Preserving the most precious monuments of the past for our future cities was eloquently talked about at our Future Cities Forum on 6th March at IET, London by Sir Simon Jenkins.
The former Times newspaper and Evening Standard editor and current columnist was invited to talk about the necessity of preserving historic monuments for generations to come in the war damaged cities of the Middle East..
A second ISIS occupation of Palmyra has just led Syrians to discover afresh the destruction brought to the ancient city. Millions of people have been displaced during the six year conflict in Syria and more than 400,000 people killed including Palmyra's museum director in 2015, Khaled al-Asaad, who would not tell ISIS where precious artefacts had been moved.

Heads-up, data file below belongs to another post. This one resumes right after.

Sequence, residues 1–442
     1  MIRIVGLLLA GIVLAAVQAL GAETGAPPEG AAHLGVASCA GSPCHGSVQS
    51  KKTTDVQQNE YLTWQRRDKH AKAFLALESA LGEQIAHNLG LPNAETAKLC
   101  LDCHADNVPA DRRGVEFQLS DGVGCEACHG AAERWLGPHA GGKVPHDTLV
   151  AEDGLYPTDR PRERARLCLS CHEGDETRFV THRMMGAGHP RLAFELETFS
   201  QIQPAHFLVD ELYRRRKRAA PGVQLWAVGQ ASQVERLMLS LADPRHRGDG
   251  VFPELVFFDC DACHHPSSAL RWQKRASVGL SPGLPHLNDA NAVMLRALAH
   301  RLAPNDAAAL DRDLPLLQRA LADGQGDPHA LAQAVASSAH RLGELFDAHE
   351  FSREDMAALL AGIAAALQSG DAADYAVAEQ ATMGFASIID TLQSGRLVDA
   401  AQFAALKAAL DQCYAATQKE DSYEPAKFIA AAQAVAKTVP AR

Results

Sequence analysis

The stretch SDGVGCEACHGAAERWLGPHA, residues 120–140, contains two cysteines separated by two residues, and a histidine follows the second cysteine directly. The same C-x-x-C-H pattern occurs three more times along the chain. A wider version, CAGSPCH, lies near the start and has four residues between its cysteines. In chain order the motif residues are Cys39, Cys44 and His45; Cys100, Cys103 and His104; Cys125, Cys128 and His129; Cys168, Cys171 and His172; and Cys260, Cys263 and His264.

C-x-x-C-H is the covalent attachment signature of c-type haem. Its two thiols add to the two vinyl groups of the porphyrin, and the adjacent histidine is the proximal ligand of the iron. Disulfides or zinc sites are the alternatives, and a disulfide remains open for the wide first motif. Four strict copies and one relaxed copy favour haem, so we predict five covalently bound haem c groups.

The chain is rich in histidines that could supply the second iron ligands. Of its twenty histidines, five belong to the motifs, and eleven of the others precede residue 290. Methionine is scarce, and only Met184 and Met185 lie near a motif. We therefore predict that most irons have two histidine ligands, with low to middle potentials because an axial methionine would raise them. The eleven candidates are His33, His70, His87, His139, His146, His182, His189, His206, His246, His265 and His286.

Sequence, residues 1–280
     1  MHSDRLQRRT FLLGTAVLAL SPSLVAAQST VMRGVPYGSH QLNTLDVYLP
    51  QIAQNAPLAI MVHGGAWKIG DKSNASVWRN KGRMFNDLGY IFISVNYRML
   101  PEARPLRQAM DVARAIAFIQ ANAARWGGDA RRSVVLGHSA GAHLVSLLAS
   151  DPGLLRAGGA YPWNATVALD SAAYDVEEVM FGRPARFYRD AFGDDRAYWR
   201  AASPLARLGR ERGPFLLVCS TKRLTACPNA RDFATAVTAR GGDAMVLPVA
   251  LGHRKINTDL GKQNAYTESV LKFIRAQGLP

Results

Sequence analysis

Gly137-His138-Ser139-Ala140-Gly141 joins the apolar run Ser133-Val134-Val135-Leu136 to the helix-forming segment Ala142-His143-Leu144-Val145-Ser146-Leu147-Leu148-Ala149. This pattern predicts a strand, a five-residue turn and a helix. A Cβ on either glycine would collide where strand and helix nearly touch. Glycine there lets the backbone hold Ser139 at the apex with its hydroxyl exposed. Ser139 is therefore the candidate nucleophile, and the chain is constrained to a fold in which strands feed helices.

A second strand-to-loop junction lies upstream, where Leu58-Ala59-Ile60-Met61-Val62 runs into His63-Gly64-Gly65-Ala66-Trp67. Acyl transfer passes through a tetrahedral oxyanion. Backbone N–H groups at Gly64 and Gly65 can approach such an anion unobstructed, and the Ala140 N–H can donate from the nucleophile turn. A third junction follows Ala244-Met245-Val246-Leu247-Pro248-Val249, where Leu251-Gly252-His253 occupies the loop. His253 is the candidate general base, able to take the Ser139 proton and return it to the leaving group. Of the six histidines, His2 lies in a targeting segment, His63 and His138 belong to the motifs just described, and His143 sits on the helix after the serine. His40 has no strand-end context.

Some archaeologists believe that the city could be re-built after stabilisation to those monuments left standing. Much has been smashed completely or desecrated - there is only one arch surviving of the Temple of Bel for instance and the façade of the amphitheatre in Palmyra is heavily damaged.
Sir Simon Jenkins talked of his concern that 'the cult of the new' might mean that cities like Palmyra will not be restored and therefore lost for future generations.